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Factors to Consider in Hiring Outside Counsel

December 21, 2022

For example,

As advisor, a lawyer provides a client with an informed understanding of the client’s legal rights and obligations and explains their practical implications. As advocate, a lawyer zealously asserts the client’s position under the rules of the adversary system. As negotiator, a lawyer seeks a result advantageous to the client but consistent with requirements of honest dealing with others.

Many lawyers are highly qualified to perform these varied roles and are eagerly seeking good clients. With a wide world of choice, what factors should inform your decision in hiring outside counsel?

  • Expertise. You will undoubtedly receive referrals from colleagues and related professionals. But also seek to identify leaders within the desired field of expertise: those who are writing and speaking on relevant topics, who lead the specialty bar associations and sections, and who have established reputations among their peers, associated professionals, and the courts.
  • Communication. Communication is key to every successful relationship, and you will want to know how the lawyer proposes to keep you informed. Is the lawyer accessible? Will the lawyer initiate regular updates? Does the lawyer have a good sense of when you need to be involved in decision-making and when you can be spared the minutiae? Is the lawyer capable of synthesizing the legal analysis and speaking (and writing) in plain English?
  • Timeliness and organization. It is important to know how the lawyer will organize the project. What approach will the lawyer use to identify issues, gather information, and make decisions? Will enough time be built into the schedule to ensure timely turnaround and avoid last minute emergencies? Does the lawyer have the resources to properly and efficiently staff the project at reasonable rates? Will you have multiple points of contact should issues arise when the lead attorney is unavailable?
  • Decisiveness/Judgment. In many respects, lawyers operate in a sphere where the answer is neither black nor white but a gradient of risk/benefit possibilities. While decisions in this context might ultimately depend upon the client’s business judgment, such decisions can rarely be made without clear legal guidance. Expect disclaimers but when the lawyer’s opinion is requested, you will want an adviser who is capable of being decisive.
  • Data Security. There may be projects that require your lawyer to access company and customer data. Privacy and security laws are stringent; the consequences of a data breach can be catastrophic. Choose a lawyer and law firm that have adopted leading edge protections and have a plan for immediate remedial action if a threat occurs.
  • Industry Knowledge. It is natural to want a lawyer who has ready knowledge of your industry, but that perfectly packaged person may not be available. Seek assurances that your lawyer is willing to invest the time necessary to learn the intricacies that make your business unique and to remain updated on advancements in the field.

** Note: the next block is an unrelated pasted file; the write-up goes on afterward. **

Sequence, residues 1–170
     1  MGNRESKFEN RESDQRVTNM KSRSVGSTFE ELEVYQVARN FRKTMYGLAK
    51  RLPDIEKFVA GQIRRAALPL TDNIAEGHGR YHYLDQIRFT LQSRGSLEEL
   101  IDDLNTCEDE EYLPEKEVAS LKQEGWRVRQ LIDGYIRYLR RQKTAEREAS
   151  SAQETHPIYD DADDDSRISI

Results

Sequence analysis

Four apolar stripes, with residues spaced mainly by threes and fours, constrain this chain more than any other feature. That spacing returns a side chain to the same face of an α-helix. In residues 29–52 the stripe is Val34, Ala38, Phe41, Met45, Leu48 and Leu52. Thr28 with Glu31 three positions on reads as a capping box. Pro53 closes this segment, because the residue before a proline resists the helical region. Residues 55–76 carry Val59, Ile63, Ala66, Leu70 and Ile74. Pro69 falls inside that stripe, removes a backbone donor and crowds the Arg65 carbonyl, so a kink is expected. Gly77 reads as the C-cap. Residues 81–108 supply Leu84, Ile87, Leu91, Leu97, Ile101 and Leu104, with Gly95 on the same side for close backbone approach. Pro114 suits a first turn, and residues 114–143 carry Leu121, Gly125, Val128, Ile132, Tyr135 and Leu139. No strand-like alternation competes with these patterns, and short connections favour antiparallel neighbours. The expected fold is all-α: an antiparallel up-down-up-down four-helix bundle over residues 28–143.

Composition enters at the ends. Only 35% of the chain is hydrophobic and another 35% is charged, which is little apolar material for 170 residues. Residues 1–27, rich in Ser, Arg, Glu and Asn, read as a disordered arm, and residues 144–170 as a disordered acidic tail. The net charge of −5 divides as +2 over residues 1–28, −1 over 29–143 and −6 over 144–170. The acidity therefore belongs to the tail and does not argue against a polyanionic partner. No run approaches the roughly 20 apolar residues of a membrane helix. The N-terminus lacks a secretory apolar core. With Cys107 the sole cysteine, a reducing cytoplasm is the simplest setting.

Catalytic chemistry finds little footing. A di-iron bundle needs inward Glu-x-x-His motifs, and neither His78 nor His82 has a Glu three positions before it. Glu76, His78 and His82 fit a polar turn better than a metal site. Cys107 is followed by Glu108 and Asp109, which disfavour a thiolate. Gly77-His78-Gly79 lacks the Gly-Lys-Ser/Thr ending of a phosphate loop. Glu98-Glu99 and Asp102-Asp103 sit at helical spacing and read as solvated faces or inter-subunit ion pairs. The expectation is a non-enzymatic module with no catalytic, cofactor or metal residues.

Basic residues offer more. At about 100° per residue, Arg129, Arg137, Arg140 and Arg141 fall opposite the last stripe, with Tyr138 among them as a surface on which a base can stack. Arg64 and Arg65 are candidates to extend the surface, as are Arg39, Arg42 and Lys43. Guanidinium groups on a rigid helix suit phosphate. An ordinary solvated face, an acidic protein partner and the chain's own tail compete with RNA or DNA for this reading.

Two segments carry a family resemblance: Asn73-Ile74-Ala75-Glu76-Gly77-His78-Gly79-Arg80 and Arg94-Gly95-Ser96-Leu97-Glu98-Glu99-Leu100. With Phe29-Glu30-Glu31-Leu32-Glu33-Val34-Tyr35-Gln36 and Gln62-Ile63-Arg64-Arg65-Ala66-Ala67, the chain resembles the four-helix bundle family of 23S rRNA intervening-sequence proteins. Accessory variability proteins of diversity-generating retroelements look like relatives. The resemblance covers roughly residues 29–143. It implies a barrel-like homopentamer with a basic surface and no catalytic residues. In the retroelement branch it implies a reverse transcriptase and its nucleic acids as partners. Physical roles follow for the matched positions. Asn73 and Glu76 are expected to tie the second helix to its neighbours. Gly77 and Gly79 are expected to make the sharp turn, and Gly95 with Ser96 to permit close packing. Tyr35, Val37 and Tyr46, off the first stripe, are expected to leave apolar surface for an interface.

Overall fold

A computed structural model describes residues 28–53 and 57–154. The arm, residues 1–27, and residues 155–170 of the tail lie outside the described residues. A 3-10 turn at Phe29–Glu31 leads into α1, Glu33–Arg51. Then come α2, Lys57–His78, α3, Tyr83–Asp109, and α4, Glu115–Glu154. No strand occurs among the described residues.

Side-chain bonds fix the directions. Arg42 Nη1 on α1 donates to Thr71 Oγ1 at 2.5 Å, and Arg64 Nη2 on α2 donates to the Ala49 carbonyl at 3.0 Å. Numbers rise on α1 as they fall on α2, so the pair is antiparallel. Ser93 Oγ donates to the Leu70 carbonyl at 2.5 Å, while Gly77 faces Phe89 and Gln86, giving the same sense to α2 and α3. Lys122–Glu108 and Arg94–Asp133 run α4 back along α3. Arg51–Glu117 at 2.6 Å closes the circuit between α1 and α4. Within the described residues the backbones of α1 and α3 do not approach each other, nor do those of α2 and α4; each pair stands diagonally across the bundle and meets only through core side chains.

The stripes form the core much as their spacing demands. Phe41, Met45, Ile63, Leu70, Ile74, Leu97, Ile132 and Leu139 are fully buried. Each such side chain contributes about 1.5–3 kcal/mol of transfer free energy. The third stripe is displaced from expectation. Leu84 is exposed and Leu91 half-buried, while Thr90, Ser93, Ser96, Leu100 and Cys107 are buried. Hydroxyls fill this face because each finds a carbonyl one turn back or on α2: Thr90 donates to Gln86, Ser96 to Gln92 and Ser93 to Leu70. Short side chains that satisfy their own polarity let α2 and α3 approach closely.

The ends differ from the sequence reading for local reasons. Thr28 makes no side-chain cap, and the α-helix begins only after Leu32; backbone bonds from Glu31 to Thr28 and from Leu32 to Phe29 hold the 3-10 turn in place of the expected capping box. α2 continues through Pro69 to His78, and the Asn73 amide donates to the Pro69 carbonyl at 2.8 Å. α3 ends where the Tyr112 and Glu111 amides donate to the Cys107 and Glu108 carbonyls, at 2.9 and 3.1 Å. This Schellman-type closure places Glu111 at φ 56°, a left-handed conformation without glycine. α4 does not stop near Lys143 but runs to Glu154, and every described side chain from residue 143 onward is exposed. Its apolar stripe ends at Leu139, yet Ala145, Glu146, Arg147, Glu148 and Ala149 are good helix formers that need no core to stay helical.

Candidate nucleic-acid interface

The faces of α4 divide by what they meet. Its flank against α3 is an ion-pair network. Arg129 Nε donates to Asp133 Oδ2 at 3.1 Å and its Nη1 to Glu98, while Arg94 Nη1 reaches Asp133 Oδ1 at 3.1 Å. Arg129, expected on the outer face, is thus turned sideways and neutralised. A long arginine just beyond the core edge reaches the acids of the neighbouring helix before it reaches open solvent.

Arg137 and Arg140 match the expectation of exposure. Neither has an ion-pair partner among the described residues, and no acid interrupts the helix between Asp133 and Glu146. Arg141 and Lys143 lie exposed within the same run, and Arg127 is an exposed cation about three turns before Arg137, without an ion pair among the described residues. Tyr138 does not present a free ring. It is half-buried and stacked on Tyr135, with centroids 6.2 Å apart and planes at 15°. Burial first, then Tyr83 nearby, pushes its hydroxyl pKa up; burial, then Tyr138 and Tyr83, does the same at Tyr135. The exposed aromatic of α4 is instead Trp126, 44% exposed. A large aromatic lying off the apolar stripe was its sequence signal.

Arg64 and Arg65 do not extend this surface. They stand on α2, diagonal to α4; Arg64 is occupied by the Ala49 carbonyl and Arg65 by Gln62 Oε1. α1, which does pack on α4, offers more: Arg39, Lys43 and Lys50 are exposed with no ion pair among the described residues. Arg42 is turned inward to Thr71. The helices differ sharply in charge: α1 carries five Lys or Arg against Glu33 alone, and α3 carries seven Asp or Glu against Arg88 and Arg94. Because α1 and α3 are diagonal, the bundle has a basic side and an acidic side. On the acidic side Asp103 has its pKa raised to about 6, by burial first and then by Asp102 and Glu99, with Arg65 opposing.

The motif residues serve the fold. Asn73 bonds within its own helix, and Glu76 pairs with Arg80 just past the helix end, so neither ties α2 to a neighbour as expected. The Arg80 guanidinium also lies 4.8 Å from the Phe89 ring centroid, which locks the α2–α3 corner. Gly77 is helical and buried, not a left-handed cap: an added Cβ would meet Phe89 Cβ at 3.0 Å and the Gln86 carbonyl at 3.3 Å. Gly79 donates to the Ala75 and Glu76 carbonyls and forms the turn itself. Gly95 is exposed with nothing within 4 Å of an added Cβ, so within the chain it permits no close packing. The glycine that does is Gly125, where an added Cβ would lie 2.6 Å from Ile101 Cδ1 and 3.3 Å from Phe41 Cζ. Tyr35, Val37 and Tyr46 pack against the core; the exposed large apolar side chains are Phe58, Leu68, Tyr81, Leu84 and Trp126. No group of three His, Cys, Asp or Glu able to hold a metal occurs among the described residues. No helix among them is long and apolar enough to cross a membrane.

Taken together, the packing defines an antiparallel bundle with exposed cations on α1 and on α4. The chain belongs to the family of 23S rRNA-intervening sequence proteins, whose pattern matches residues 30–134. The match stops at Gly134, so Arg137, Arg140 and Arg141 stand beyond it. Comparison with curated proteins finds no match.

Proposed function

• Feedback and Responsiveness. Attorneys should want to know whether they are meeting (and hopefully exceeding) client expectations. Accordingly, attorney-client relationships benefit greatly when clients are empowered to ask questions, make suggestions, and provide feedback. Gauging the candidate’s inclinations along these lines is an important consideration when seeking a long-term relationship.
  • Professionalism/Likeability. When a lawyer acts on your company’s behalf, the impression he or she leaves with others reflects upon your company. Whether appearing before a judge or jury, negotiating a deal with other lawyers, or interacting with industry participants, you should be able to trust that your lawyer will be professional and courteous at all times. In the end, you need to be satisfied that the lawyer possesses the aggressiveness needed to accomplish your goals but does not exhibit the type of unnecessary contentious behavior that leads to poor results and higher fees.
  • Full-Service Capability. It is frequently more efficient to retain a lawyer with law firm capabilities that are readily available to address issues that might arise outside the lawyer’s own area of expertise. You can assume that lawyers working together within a firm will result in cost savings that would not exist if an outside lawyer must be consulted. Be prepared to ask about the areas of expertise within the law firm, particularly potentially related areas.
  • Contented Lawyer. People who are content in their chosen field are more likely to work harder and more creatively than those who have had enough. So, for added measure, choose a lawyer who still enjoys the day-to-day practice of law, considers it a privilege to represent clients, and is dedicated to the high standards the profession embodies.

This is certainly not an exhaustive list and other considerations will likely come to mind when the evaluation process is underway. Investing the time and effort up front to select the right lawyer is the best way to achieve a productive, long-term relationship.

Preamble, Michigan Rules of Professional Conduct.

About the author:

Headshot of Joanne Swanson of Kerr RussellJoanne Geha Swanson has more than 30 years of experience as a litigator and appellate attorney. She provides strong, rigorous advocacy to clients who must either enforce or defend their rights through litigation. In addition, she counsels clients on how to avoid litigation and resolve disputes without turning to the courts in the first place. Her civil litigation practice primarily involves complex commercial disputes, antitrust, class actions, business torts, legal malpractice and other related matters.

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